Political parties exist for the singular purpose of installing people to positions of power and influence in government. It is the same all over the world and has always been so. To do this they compete with the opposition for support of the electorate by inciting passion over issues of the time. Whether the issues have to do with the economy, national security, individual liberties, the environment, Constitutional interpretations, or matters of moral and social conscience, parties stake claim to various convictions then pretend, as necessary, that they have always been philosophically faithful to their positions. But this is done more often than not to simply gain support in terms of dollars and votes for their own candidates. Additionally, many people are attracted to particular parties over single wedge-issues like abortion or gun control and discount other party positions. So the association of any party over time with a particular political philosophy is problematic at best. Follow along and see if you don’t agree.

The Democratic Party, claiming a position on the left of the political theory continuum, has been labeled “liberal,” both by supporters and detractors alike. The name is derived from the Latin, liber, which means free. And until the end of the eighteenth century, it simply meant “worthy of a free man”. It is from this sense of the word that we speak of “liberal arts”, “liberal sciences”, “liberal occupations”, etc. Then, beginning in the early part of the nineteenth century, the term came to imply the qualities of intellect and behavior that were considered to be characteristic of those who occupied higher social positions, whether because of wealth, education, or family relationships. Thus, an intellectually independent, broad-minded, magnanimous, frank, open, and genial person was said to be liberal. The suffix, “ism,” added to descriptive words produces nouns that mean a belief, an ideology, or study, as to be immersed in. “Liberalism” then connotes a political system or tendency that is opposed to centralization and absolutism. However, the word liberal is generally used in a derogatory way today by those who subscribe to more conservative philosophies. For them, a liberal is someone who believes in big government and wasteful, giveaway social programs (background/definition).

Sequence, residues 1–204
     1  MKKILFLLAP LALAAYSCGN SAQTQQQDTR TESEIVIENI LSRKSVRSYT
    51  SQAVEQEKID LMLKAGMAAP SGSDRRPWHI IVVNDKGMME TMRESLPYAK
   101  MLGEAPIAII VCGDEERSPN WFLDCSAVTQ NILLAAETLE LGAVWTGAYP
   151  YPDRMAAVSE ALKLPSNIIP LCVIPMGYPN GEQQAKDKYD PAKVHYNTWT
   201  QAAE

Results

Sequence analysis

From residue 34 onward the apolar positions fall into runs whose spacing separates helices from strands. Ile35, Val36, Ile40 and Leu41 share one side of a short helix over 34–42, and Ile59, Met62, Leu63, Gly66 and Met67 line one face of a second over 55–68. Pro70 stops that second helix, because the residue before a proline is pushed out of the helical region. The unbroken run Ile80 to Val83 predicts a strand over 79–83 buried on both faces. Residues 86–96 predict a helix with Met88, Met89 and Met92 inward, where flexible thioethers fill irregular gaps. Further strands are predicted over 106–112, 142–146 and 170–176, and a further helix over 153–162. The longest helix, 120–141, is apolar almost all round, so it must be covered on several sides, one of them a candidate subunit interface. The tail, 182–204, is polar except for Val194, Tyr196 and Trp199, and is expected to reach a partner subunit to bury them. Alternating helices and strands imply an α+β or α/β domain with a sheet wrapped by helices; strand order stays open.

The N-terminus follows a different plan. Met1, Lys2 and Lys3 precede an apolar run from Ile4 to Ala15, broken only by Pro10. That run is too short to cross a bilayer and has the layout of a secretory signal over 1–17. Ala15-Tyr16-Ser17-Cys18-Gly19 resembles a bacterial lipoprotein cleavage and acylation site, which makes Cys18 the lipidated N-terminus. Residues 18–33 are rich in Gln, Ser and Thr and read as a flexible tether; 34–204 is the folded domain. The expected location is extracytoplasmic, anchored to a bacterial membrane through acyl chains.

Most who have political persuasions to the right on the political theory continuum label themselves, “conservative.” According to Webster, being conservative means a tendency to conserve or to hold back. But this understanding of the term does not necessarily apply to all who consider themselves to be Republicans today. Since the end of the Civil War in America, conservatives have tended toward resisting change and preserving established institutions. Thus, a conservative person would be one who would tend to be more moderate or cautious. But it was Republicans, as we all recall, who brought about the end to slavery in America though the Civil War years and the adoption of the 13th, 14th, and 15th Amendments during Reconstruction – this was major social change (background/definition and History of the Republican Party)!

The Republican Party today attracts many different groups, including sportsmen and other gun owners who consider their right to bear arms to be under attack, business corporations (particularly defense, energy, and pharmaceutical industries) and wealthy individuals who benefit from limiting social programs, limiting regulations, and reduced taxes, as well as various fundamental or evangelical Christian groups who are lobbying for social change.

Although some will argue that this is not true, the Tea Party, which has never been a viable political party in it’s own right, and Libertarian politicians who once ran for office under the Libertarian Party banner, have now merged with the main stream Republican Party. This, in my opinion, has pulled the party to the ideological right and away from moderation, thus making it more difficult for lawmakers in the U.S. Congress to reach across-the-aisle accommodation on issues. While this merger has resulted in increased Republican representation in Congress, at the same time, it has made it more difficult for the Republican Party to field competitive candidates for President and Vice-president.